Others too have expressed concerns, lawyer and human rights activist, Jibran Nasir pointed out to flaws that exist in the anti-encroachment campaign. "As per Section 8(2) of The Sindh Public Property (Removal of Encroachment) Act 2010, anyone abetting in encroachments including public servants are to be punished with imprisonment of up to five years or fined with an amount of five lakh rupees or both," he said while speaking to The Express Tribune. "In such a case, is the government and our legal apparatus going to punish the KMC employees who have been collecting rents from tenants illegally?" he questioned.

Empress Market's 'half-dead' pets

Dr Noman Ahmed, the Dean of Architecture & Management Sciences at NED University of Engineering and Technology, urged the authorities to set up a rehabilitation plan for those displaced by the evictions with their livelihoods destroyed. "Whenever an operation of such nature is planned there must be a rehabilitation plan in place so that people could have moved out voluntarily," said Ahmed.

"Much of the damage has been caused because shopkeepers were not allowed to move out their merchandise when their shops were being bulldozed and the entire process of demolition was done in a ruthless manner," he added.

The structure of the historic Empress Market building was washed on Monday with the help of a snorkel. PHOTO: EXPRESS The structure of the historic Empress Market building washed with the help of a snorkel. PHOTO: EXPRESS

Similarly Dr Nausheen H Anwar, a professor at the Institute of Business Administration (IBA) and the director of Karachi Urban Lab, emphasises on the violation of human rights caused by the drive as it spreads from Saddar to other parts of the city, and eviction of nearly 10,000 residents of low-income settlements along the Karachi Circular Railway route begins. "These evictions are a violation of human rights; they are a way to force the majority of city's inhabitants into indebtedness and make them expendable. All this is part of the state's plan to eviscerate Karachi's basic urban economy, a fact that makes a mockery of the new government's plan for a Naya Pakistan," said Anwar.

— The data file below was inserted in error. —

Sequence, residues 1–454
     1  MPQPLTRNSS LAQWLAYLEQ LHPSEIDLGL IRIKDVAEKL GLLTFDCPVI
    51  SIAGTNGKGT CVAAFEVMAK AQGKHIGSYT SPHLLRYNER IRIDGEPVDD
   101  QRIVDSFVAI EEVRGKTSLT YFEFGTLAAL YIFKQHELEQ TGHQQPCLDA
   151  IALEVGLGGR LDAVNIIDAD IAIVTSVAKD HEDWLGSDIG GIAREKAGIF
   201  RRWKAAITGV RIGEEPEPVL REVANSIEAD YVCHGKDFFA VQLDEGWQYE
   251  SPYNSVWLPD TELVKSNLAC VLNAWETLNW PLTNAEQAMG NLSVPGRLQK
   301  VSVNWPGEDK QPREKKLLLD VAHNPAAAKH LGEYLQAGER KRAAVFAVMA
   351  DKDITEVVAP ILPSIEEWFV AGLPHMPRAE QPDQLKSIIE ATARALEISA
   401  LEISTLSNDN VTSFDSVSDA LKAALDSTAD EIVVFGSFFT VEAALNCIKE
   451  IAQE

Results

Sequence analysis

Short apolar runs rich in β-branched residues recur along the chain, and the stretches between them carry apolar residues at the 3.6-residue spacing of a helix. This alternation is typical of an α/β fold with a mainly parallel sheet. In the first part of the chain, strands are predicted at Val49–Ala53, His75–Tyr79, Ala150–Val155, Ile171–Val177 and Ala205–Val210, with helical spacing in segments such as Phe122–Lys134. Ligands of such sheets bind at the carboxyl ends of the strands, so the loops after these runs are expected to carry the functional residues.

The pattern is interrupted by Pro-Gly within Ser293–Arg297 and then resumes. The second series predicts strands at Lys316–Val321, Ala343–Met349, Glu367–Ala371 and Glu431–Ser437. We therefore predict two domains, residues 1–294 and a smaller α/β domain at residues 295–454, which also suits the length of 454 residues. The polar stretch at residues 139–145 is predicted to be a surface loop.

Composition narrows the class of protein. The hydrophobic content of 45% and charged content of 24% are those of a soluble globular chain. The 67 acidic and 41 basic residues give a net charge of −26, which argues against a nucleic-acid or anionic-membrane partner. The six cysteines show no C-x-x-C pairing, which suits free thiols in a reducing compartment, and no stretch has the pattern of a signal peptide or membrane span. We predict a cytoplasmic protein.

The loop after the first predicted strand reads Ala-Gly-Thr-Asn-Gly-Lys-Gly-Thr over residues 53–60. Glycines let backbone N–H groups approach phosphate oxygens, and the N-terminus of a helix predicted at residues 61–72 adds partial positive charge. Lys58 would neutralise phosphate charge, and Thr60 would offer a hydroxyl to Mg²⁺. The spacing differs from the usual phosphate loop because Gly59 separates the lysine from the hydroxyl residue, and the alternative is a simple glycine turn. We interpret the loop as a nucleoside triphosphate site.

"The very people who make this city viable, who make it thrive on a daily basis, they are the ones being eviscerated and with them, Karachi's complex urban fabric is being ruptured to serve the interests of those who are in power," she added.

*Names of some individuals have been changed to protect their identity

COMMENTS (3)

Saleem | 2 years ago | Reply I believe the term is illegal incrochment. When it is illegal where does the concept of innocent and victim arises. It is complete hypocrisy of intellectual and media to portray those evicted being victimized. What next innocent robbers or God fearing tax evader?
dosteinsaaf | 2 years ago | Reply It is so sad to see the plight of the poor vendors who were evicted without being given alternative solutions to make a living. Those in power don't seem to care about the suffering of these poor people who are only trying to make a living and survive .